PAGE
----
0000000000000000 l    df *ABS*	0000000000000000 func2.c
0000000000400090 g     F .text	0000000000000000 func1
0000000000400078 g       .text	0000000000000000 _start
00000000006000ab g       *ABS*	0000000000000000 __bss_start
0000000000400078 g     F .text	0000000000000000 main
00000000004000a0 g     F .text	0000000000000000 func2
00000000006000ab g       *ABS*	0000000000000000 _edata
00000000006000b0 g       *ABS*	0000000000000000 _end

After strip (#strip main), the symbol table will be removed.

#objdump -t main

main:     file format elf64-x86-64

SYMBOL TABLE:
no symbols

Read more: 10 Linux Strip Command Examples (Reduce Executable/Binary File Size)

10. c++filt – Demangle Command

C++ support overloading that can let same function name takes different kinds/number of argument.

This is done by changing the function name to low-level assembler name, which is called as mangling. c++filt can do the demangling for C++ and Java.

Here, we make a new sample code for explanation of mangling.

Suppose we have two types of func3 that take different kind of input argument, the void and the int.

==> mangling.cpp <==
int func3(int a) {
	return a;
}
int func3() {
	return 0;
}
int main() {
	return func3(1);
}

In assembly format, they do have different names, _Z5func3v and _Z5func3i. And, one of these will be called according to the type of argument we passed to the func3 in mangling.cpp. In this example, _Z5func3i is called.

==> mangling.s <==
	.file	"mangling.cpp"
	.text
.globl _Z5func3i
	.type	_Z5func3i, @function
_Z5func3i:
	pushq	%rbp
	movq	%rsp, %rbp
	movl	%edi, -4(%rbp)
	movl	-4(%rbp), %eax
	leave
	ret

.globl _Z5func3v
	.type	_Z5func3v, @function
_Z5func3v:
	pushq	%rbp
	movq	%rsp, %rbp
	movl	$0, %eax
	leave
	ret

.globl main
	.type	main, @function
main:
	pushq	%rbp
	movq	%rsp, %rbp
	movl	$1, %edi
	call	_Z5func3i
	leave
	ret

#grep func3.*: mangling.s
_Z5func3i:
_Z5func3v:

We can pass these assembly function names to c++filt, and the original function define statement will be recovered.

#grep func3.*: mangling.s | c++filt 
func3(int):
func3():

objdump also can do the demangle with different styles:

  -C, --demangle[=STYLE]
  
  Decode mangled/processed symbol names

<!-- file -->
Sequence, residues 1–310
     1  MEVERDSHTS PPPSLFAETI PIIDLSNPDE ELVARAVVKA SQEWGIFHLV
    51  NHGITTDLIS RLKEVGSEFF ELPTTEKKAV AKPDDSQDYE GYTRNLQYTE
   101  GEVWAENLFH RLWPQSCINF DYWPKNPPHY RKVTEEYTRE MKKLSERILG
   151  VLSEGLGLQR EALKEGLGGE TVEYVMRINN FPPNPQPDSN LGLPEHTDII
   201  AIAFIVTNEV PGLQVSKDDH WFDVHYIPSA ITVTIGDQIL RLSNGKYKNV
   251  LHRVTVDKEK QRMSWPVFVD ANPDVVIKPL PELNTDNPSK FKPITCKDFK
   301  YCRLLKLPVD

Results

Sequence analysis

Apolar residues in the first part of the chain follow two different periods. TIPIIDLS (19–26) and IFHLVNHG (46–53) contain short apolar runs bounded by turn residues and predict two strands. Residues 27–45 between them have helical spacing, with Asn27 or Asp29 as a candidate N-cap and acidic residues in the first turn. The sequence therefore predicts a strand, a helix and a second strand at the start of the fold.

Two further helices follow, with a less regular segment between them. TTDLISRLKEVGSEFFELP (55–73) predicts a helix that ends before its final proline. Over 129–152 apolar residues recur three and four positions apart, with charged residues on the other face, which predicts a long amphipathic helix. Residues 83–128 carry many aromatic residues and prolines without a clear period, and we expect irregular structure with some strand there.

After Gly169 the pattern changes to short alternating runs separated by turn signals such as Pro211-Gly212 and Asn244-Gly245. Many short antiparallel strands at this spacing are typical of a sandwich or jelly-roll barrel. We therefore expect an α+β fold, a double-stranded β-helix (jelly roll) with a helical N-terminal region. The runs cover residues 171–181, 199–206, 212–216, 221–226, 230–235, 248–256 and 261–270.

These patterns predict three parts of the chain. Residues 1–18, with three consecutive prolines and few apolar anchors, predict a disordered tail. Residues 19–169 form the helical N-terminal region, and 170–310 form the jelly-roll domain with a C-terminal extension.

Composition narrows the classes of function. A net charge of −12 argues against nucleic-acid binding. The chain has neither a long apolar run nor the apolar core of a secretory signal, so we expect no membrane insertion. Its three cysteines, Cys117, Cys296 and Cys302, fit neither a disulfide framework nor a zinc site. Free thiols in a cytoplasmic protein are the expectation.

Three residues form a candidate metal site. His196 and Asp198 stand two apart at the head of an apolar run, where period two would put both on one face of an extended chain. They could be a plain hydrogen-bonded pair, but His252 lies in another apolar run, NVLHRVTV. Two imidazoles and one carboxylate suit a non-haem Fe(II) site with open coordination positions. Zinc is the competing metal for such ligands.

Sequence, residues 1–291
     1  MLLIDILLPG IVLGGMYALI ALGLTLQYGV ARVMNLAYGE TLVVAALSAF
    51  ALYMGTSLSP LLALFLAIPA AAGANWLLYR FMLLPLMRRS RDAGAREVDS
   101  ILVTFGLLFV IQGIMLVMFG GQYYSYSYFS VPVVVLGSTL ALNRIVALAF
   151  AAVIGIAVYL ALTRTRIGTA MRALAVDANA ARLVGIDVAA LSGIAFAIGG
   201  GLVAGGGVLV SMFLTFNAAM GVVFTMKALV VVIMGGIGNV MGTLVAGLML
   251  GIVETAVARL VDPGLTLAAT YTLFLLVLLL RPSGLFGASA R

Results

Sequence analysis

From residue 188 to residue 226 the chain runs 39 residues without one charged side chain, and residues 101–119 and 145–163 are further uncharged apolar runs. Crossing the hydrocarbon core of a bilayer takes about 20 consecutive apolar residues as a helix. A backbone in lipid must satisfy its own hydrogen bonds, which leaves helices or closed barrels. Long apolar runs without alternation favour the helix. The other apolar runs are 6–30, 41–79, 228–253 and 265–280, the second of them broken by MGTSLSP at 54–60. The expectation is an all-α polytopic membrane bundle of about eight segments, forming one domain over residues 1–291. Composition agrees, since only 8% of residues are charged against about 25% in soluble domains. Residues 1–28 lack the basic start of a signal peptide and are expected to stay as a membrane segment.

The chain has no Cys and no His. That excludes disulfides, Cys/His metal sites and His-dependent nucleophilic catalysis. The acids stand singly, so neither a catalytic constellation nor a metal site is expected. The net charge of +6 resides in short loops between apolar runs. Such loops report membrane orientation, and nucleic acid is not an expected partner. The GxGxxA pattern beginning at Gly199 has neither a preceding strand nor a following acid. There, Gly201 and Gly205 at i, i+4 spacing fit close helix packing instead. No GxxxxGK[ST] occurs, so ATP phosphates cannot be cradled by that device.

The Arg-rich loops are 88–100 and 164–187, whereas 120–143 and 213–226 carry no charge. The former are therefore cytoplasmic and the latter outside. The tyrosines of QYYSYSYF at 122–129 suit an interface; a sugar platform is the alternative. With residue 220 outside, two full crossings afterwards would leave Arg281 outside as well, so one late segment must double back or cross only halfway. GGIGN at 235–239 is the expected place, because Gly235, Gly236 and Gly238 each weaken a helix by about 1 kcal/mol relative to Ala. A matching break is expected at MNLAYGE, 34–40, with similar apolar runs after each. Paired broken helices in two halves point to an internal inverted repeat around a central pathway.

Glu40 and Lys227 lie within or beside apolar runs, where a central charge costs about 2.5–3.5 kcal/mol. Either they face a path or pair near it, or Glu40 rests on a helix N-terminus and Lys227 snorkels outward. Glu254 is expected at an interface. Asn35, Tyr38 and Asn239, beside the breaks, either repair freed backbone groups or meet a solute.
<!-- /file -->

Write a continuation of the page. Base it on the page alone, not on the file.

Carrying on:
The STYLE, if specified, can be 'auto', 'gnu',
    'lucid', 'arm', 'hp', 'edg', 'gnu-v3', 'java'
    or 'gnat'

11. addr2line – Convert Address to Filename and Numbers

addr2line can get the file and line number of given address or offset inside reallocated section, by passing the debug information.

First, we must compile assembly file with -g flag, so that debug information will be added into object. It can be shown from below that there are some debug sections now.

objdump -h mainD

mainD:     file format elf64-x86-64

Sections:
Idx Name          Size      VMA               LMA               File off  Algn
  0 .text         00000033  0000000000400078  0000000000400078  00000078  2**2
                  CONTENTS, ALLOC, LOAD, READONLY, CODE
  1 .debug_aranges 00000090  0000000000000000  0000000000000000  000000b0  2**4
                  CONTENTS, READONLY, DEBUGGING
  2 .debug_info   000000dd  0000000000000000  0000000000000000  00000140  2**0
                  CONTENTS, READONLY, DEBUGGING
  3 .debug_abbrev 0000003c  0000000000000000  0000000000000000  0000021d  2**0
                  CONTENTS, READONLY, DEBUGGING
  4 .debug_line   000000ba  0000000000000000  0000000000000000  00000259  2**0
                  CONTENTS, READONLY, DEBUGGING

From the disassembly result shown in section 2.d objdump, we can see that 0x400090 is the entry of func1, which is the same as the result that given by addr2line.

addr2line -e mainD 0x400090
/media/shared/TGS/func1.s:6

12. readelf – Display ELF File Info

readelf and elfedit can operation on elf file only.

readelf can display information from elf file.
We can display detailed information of ELF header.

#readelf -h main_full
ELF Header:
  Magic:   7f 45 4c 46 02 01 01 00 00 00 00 00 00 00 00 00 
  Class:                             ELF64
  Data:                              2's complement, little endian
  Version:                           1 (current)
  OS/ABI:                            UNIX - System V
  ABI Version:                       0
  Type:                              EXEC (Executable file)
  Machine:                           Advanced Micro Devices X86-64
  Version:                           0x1
  Entry point address:               0x400078
  Start of program headers:          64 (bytes into file)
  Start of section headers:          208 (bytes into file)
  Flags:                             0x0
  Size of this header:               64 (bytes)
  Size of program headers:           56 (bytes)
  Number of program headers:         1
  Size of section headers:           64 (bytes)
  Number of section headers:         5
  Section header string table index: 2

Just like readelf, you can also use elfedit which can update machine, file type and OS ABI in the elf header. Please note that, elfedit may not be included by default in your distribution.

Read more: Linux ELF Object File Format (and ELF Header Structure) Basics

If you enjoyed this article, you might also like..

  1. 50 Linux Sysadmin Tutorials
  2. 50 Most Frequently Used Linux Commands (With Examples)
  3. Top 25 Best Linux Performance Monitoring and Debugging Tools
  4. Mommy, I found it! – 15 Practical Linux Find Command Examples
  5. Linux 101 Hacks 2nd Edition eBook Linux 101 Hacks Book

Bash 101 Hacks Book Sed and Awk 101 Hacks Book Nagios Core 3 Book Vim 101 Hacks Book

{ 0 comments… add one }

Leave a Comment